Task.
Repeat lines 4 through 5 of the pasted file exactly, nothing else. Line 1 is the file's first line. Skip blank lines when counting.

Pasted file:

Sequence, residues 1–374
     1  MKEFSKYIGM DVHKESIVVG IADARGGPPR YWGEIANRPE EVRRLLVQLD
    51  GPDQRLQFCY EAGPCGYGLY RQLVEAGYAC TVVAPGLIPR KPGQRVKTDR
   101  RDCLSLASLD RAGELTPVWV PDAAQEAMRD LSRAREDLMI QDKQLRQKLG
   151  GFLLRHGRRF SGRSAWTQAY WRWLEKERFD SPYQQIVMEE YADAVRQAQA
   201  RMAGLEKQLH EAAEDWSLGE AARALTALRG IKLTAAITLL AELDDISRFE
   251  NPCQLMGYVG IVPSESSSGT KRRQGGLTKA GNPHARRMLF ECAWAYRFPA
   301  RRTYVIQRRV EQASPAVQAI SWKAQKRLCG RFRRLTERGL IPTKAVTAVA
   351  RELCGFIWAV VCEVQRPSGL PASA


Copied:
   101  RDCLSLASLD RAGELTPVWV PDAAQEAMRD LSRAREDLMI QDKQLRQKLG
   151  GFLLRHGRRF SGRSAWTQAY WRWLEKERFD SPYQQIVMEE YADAVRQAQA